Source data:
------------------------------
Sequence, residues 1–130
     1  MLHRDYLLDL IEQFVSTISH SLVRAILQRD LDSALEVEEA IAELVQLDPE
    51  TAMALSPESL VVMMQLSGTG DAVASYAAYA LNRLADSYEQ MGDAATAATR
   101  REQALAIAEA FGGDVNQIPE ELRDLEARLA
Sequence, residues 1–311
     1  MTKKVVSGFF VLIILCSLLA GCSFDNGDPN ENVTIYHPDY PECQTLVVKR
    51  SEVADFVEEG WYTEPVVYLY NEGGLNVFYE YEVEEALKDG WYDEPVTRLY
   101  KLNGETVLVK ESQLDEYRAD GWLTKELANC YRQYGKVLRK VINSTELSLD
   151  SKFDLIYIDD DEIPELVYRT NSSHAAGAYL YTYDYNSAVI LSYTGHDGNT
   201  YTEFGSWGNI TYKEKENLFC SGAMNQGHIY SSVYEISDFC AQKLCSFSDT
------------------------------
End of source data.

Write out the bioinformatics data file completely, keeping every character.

Sequence, residues 1–130
     1  MLHRDYLLDL IEQFVSTISH SLVRAILQRD LDSALEVEEA IAELVQLDPE
    51  TAMALSPESL VVMMQLSGTG DAVASYAAYA LNRLADSYEQ MGDAATAATR
   101  REQALAIAEA FGGDVNQIPE ELRDLEARLA
Sequence, residues 1–311
     1  MTKKVVSGFF VLIILCSLLA GCSFDNGDPN ENVTIYHPDY PECQTLVVKR
    51  SEVADFVEEG WYTEPVVYLY NEGGLNVFYE YEVEEALKDG WYDEPVTRLY
   101  KLNGETVLVK ESQLDEYRAD GWLTKELANC YRQYGKVLRK VINSTELSLD
   151  SKFDLIYIDD DEIPELVYRT NSSHAAGAYL YTYDYNSAVI LSYTGHDGNT
   201  YTEFGSWGNI TYKEKENLFC SGAMNQGHIY SSVYEISDFC AQKLCSFSDT